Thursday, September 29, 2005

I've always loved the smell of ammonia!

When I was a teen, my dad, a phenomenal cook and baker, had me help him more than a few times prep squids for fried (or baked) calamari. In this way, I grew to have a special affinity for the little tentacled carnivores. (I mean, you try severing someone's tentacles, ripping out his beak and entrails, flaying, washing, frying and then eating him without getting a little attached! I'm only human.) Years ago I read Peter "Jaws" Benchley's _Beast_, about ye olde giant squid, and had a blast. (As Fakespeare once said, to flay and love a baby squid is but to love and hope to flay a giant one. Ah, how true.) The fact that ye olde giant squid has never been caught "live" -- but almost always found washed up, dead or dying, reeking of ammonia -- made it that much more intriguing for me. Job's modern leviathan?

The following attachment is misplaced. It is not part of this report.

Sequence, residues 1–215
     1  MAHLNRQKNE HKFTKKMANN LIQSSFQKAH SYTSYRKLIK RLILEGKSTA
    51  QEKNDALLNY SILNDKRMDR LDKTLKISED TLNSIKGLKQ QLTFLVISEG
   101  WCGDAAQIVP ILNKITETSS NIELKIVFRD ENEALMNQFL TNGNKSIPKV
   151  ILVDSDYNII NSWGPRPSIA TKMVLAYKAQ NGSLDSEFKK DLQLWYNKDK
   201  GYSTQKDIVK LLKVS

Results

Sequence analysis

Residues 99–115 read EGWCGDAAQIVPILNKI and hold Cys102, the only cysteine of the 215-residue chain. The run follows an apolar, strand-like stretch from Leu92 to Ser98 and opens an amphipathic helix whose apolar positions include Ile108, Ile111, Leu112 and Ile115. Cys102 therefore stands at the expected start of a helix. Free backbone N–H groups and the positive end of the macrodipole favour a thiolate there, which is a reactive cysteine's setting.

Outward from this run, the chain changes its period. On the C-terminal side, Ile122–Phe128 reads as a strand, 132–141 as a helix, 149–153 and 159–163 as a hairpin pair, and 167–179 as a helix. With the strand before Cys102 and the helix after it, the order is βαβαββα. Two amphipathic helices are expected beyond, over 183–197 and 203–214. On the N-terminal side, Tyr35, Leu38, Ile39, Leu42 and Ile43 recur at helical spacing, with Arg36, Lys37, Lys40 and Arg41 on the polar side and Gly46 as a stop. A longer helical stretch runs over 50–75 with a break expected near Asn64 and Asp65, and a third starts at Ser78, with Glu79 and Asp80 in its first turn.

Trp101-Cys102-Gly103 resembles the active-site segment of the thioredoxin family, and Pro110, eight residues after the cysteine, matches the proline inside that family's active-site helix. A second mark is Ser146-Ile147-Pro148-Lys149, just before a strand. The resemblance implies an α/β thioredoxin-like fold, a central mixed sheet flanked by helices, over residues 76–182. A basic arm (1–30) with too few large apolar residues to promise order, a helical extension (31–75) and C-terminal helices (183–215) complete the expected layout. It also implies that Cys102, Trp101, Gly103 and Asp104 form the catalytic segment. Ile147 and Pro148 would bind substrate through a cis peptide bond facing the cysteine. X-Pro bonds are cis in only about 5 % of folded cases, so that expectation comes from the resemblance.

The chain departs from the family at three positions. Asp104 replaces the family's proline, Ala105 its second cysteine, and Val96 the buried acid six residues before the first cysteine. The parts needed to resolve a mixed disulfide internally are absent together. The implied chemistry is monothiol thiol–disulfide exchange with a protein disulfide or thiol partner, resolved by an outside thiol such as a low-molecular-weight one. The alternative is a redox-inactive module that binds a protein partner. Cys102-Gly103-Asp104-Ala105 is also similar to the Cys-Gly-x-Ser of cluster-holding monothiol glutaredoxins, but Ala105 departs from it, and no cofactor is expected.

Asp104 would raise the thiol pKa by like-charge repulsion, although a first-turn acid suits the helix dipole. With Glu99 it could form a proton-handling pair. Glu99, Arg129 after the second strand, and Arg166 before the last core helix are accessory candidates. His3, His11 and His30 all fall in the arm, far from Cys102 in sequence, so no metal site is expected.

Anyway, all that's changed, as some Japanese scientists have finally done it: they have "captured" ye olde giant squid (Architeuthis) -- albeit only on camera.

TOKYO - When a nearly 20-foot long tentacle was hauled aboard his research ship, Tsunemi Kubodera knew he had something big. Then it began sucking on his hands. But what came next excited him most — hundreds of photos of a purplish-red sea monster doing battle 3,000 feet deep.

It was a rare giant squid, a creature that until then had eluded observation in the wild.

Kubodera’s team captured photos of the 26-foot-long beast attacking its bait, then struggling for more than four hours to get free. The squid pulled so hard on the line baited with shrimp that it severed one of its own tentacles.

(Science - - AP - Updated: 2:01 p.m. ET Sept. 28, 2005)

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